San Francisco And Los Angeles Try To Put The Brakes On Sidecar’s Carpool

But Sidecar has no intentions to pull the feature.

San Francisco And Los Angeles Try To Put The Brakes On Sidecar’s Carpool
[Photo: Flickr user Oran Viriyincy]

The San Francisco and Los Angeles County district attorneys’ offices on Thursday sent ridesharing service Sidecar a letter that could put the brakes on its carpooling feature.


In August, Lyft, Uber, and Sidecar, services that let users hail cars via their apps, each announced new options that offer lower fares to riders who carpool with strangers.

In a joint investigation, the district attorneys’ offices said Sidecar is in violation of Public Utilities Code 5401 for how it calculates carpool fares for individuals. Though the DA offices told Sidecar to pull the feature, Sidecar CEO Sunil Paul said shared rides will continue operating in San Francisco (Paul said Los Angeles is the next market the company is eyeing). Sidecar is scheduling time to talk with the DA offices.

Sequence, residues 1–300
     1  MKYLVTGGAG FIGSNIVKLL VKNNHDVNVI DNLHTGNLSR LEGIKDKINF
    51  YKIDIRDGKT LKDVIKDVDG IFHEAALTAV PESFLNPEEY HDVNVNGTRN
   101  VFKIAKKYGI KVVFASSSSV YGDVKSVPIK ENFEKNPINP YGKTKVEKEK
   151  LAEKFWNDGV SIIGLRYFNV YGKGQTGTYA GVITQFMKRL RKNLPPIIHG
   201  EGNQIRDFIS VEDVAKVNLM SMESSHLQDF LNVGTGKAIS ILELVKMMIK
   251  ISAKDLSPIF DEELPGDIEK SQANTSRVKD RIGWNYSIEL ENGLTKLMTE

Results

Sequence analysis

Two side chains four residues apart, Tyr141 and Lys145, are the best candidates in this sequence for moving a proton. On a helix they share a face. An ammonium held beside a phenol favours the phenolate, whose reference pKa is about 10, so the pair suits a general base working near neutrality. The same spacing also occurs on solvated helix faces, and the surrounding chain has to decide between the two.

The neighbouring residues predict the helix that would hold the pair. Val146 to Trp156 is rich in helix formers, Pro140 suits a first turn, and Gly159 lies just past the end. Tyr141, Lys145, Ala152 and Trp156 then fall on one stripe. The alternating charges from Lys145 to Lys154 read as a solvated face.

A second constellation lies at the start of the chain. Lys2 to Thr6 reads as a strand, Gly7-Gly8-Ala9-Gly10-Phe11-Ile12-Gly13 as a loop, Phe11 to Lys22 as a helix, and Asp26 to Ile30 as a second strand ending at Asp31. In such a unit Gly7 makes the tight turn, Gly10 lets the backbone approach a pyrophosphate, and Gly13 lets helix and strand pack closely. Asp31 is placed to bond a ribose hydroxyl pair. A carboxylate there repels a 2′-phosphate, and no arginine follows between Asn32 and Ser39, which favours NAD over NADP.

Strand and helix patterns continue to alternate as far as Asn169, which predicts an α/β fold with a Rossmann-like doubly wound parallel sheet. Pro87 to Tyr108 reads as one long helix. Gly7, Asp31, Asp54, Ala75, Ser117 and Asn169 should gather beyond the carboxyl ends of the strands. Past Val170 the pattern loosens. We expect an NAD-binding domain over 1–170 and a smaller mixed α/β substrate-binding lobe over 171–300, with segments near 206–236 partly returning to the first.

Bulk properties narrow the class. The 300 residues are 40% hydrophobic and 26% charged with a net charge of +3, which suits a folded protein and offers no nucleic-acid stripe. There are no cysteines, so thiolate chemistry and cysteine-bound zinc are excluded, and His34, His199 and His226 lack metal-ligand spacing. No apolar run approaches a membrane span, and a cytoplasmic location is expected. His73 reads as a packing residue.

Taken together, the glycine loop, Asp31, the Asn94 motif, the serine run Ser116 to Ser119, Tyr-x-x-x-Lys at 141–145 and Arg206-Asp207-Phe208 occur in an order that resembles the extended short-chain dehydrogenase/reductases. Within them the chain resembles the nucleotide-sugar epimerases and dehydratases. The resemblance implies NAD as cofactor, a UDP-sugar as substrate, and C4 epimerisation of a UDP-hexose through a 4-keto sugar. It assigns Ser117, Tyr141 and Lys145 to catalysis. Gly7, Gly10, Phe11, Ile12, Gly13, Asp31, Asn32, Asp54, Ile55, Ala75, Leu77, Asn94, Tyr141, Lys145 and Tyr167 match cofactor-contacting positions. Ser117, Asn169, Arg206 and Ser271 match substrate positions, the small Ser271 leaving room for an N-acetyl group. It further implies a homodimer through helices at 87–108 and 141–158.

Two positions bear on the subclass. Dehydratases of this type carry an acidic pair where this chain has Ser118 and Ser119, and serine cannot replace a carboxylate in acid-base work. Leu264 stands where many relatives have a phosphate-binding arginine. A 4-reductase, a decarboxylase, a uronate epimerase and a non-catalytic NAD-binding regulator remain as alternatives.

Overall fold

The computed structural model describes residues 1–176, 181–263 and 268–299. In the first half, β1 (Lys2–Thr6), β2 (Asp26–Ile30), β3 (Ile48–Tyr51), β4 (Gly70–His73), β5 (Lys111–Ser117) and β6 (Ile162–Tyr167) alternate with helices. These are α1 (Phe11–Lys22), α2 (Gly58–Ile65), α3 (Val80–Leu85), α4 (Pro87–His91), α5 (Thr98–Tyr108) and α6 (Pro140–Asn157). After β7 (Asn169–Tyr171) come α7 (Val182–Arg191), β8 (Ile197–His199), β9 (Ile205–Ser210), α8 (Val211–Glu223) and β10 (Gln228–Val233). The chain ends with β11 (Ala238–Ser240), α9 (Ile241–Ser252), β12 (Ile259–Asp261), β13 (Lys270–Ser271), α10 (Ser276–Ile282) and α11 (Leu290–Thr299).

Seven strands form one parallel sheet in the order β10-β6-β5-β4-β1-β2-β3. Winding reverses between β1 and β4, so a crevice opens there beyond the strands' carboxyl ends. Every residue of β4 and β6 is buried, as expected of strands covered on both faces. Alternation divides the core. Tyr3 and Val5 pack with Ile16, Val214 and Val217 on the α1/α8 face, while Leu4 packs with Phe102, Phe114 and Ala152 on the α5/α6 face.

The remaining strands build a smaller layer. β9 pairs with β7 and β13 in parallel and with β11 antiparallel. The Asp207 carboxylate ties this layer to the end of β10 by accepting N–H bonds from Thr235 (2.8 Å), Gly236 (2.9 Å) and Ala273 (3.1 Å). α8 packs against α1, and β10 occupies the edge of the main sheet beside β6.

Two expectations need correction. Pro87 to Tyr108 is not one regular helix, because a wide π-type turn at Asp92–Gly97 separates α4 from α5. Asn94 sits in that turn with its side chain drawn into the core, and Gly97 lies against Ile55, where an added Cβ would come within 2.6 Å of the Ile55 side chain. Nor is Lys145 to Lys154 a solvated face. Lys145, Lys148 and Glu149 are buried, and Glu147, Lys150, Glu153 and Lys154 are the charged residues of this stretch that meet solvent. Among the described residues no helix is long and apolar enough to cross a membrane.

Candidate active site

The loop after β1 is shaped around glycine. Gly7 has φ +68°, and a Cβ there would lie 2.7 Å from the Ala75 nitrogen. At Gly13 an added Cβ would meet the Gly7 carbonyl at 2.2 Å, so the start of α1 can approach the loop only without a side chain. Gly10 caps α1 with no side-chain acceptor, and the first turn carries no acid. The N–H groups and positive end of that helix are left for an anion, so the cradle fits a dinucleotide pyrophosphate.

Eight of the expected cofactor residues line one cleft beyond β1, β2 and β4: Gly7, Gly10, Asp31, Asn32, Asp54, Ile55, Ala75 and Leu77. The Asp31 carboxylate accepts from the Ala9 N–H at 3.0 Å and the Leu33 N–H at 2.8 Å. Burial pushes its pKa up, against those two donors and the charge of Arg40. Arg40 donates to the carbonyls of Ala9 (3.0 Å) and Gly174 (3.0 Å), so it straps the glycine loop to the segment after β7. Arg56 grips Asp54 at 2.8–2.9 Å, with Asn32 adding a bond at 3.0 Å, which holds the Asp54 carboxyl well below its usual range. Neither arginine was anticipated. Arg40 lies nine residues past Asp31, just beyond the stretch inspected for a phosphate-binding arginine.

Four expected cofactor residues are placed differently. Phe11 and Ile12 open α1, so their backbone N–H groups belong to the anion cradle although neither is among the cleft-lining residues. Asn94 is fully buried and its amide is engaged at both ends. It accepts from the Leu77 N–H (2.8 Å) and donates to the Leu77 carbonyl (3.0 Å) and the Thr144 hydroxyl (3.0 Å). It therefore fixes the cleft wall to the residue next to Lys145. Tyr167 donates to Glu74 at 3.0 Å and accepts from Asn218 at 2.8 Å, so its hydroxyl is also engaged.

Update: Lyft said it also received a letter from the district attorneys. “We are confident that we can work with the District Attorneys’ offices to address the items outlined in their letter and look forward to discussing with them soon to do so,” a representative said in a statement.

PUC 5401 states that transportation services must calculate fares based on mileage and time of use. “What they’re claiming is we’re charging a fare, rather than on a time or distance basis,” he told Fast Company. “That is simply not true. It may look that way simply because the prices are so low. What’s going on is we’re using time and distance. It’s not a fixed fare.”

The letter also said Sidecar is making misleading representations about its background checks, leading consumers to believe the process screens out drivers who have ever committed driving violations, sexual assaults, and other criminal offenses. Sidecar said its driver background checks flag for felonies within the last seven years and driving violations in the last three years. “We’re going to take a closer look at how we state these things,” Paul said. “If it’s appropriate we’ll modify the language.”

Fast Company has reached out to the DA office in San Francisco for clarification and to Uber to see if it’s received a similar letter.

About the author

Based in San Francisco, Alice Truong is Fast Company's West Coast correspondent. She previously reported in Chicago, Washington D.C., New York and most recently Hong Kong, where she (left her heart and) worked as a reporter for the Wall Street Journal.